Cybesecurity researchers today revealed a new malspam campaign that distributes a remote access Trojan (RAT) by purporting to contain a sex scandal video of U.S. President Donald Trump.
The emails, which carry with the subject line "GOOD LOAN OFFER!!," come attached with a Java archive (JAR) file called "TRUMP_SEX_SCANDAL_VIDEO.jar," which, when downloaded, installs Qua or Quaverse RAT (QRAT) onto the infiltrated system.
"We suspect that the bad guys are attempting to ride the frenzy brought about by the recently concluded Presidential elections since the filename they used on the attachment is totally unrelated to the email's theme," Trustwave's Senior Security Researcher Diana Lopera said in a write-up published today.
The latest campaign is a variant of the Windows-based QRAT downloader Trustwave researchers discovered in August.
The infection chain starts with a spam message containing an embedded attachment or a link pointing to a malicious zip file, either of which retrieves a JAR file ("Spec#0034.jar") that's scrambled using the Allatori Java obfuscator.
This first stage downloader sets up the Node.Js platform onto the system and then downloads and executes a second-stage downloader called "wizard.js" that's responsible for achieving persistence and fetching and running the Qnode RAT ("qnode-win32-ia32.js") from an attacker-controlled server.
QRAT is a typical remote access Trojan with various features including, obtaining system information, performing file operations, and acquiring credentials from applications such as Google Chrome, Firefox, Thunderbird, and Microsoft Outlook.
What's changed this time around is the inclusion of a new pop-up alert that informs the victim that the JAR being run is a remote access software used for penetration testing. This also means the sample's malicious behavior only begins to manifest once the user clicks the "Ok, I know what I am doing." button.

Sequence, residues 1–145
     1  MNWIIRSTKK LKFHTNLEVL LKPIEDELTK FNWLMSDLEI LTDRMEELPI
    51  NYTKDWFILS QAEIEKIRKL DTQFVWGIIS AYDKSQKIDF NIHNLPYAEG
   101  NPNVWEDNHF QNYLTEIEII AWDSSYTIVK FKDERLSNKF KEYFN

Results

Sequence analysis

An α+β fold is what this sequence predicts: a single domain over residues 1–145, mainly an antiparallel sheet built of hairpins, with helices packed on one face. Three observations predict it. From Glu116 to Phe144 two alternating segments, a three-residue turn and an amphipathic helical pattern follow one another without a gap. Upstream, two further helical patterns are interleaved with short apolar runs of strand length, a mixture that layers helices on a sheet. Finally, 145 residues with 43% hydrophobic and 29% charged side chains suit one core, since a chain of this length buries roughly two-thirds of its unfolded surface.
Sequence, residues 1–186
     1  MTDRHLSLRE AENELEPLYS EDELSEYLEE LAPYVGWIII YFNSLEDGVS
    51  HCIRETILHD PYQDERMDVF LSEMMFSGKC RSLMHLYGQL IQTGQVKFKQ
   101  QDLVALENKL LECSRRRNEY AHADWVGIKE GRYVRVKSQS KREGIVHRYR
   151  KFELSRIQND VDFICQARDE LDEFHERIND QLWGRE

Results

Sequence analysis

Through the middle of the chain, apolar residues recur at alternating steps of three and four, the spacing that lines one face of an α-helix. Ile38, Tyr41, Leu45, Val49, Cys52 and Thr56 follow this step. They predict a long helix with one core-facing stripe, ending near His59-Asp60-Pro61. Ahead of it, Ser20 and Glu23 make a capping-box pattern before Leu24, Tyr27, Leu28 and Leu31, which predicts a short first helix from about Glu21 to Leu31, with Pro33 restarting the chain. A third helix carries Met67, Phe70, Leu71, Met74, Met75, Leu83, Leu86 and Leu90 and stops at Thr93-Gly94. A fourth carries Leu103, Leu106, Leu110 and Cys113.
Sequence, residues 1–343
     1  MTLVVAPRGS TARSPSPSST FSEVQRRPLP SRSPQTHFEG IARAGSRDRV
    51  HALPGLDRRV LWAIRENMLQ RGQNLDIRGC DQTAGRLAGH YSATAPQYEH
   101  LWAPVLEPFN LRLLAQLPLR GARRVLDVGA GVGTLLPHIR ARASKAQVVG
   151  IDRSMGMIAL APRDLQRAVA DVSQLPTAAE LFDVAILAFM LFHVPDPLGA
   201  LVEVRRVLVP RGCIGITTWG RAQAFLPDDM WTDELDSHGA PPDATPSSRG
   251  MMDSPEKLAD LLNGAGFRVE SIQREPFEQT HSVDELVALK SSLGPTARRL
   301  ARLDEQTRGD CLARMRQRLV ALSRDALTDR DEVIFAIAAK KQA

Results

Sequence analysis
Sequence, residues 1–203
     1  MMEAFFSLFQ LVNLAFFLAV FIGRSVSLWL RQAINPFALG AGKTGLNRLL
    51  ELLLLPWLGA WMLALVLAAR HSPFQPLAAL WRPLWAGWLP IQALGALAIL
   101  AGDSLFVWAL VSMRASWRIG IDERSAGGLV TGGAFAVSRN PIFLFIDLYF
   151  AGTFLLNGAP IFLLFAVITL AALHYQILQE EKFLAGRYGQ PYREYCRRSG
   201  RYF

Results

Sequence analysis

"This pop-up is a little odd and is perhaps an attempt to make the application look legitimate, or deflect responsibility from the original software authors," Lopera noted.
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Furthermore, the malicious code of the JAR downloader is split-up into different randomly-numbered buffers in an attempt to evade detection.
Other changes include an overall increase in the JAR file size and the elimination of the second-stage downloader in favor of an updated malware chain that immediately fetches the QRAT payload now called "boot.js."
For its part, the RAT has received its own share of updates, with the code now encrypted with base64 encoding, in addition to taking charge of persisting on the target system via a VBS script.
"This threat has been significantly enhanced over the past few months since we first examined it," Topera concluded, urging administrators to block the incoming JARs in their email security gateways.
"While the attachment payload has some improvements over previous versions, the email campaign itself was rather amateurish, and we believe that the chance this threat will be delivered successfully is higher if only the email was more sophisticated."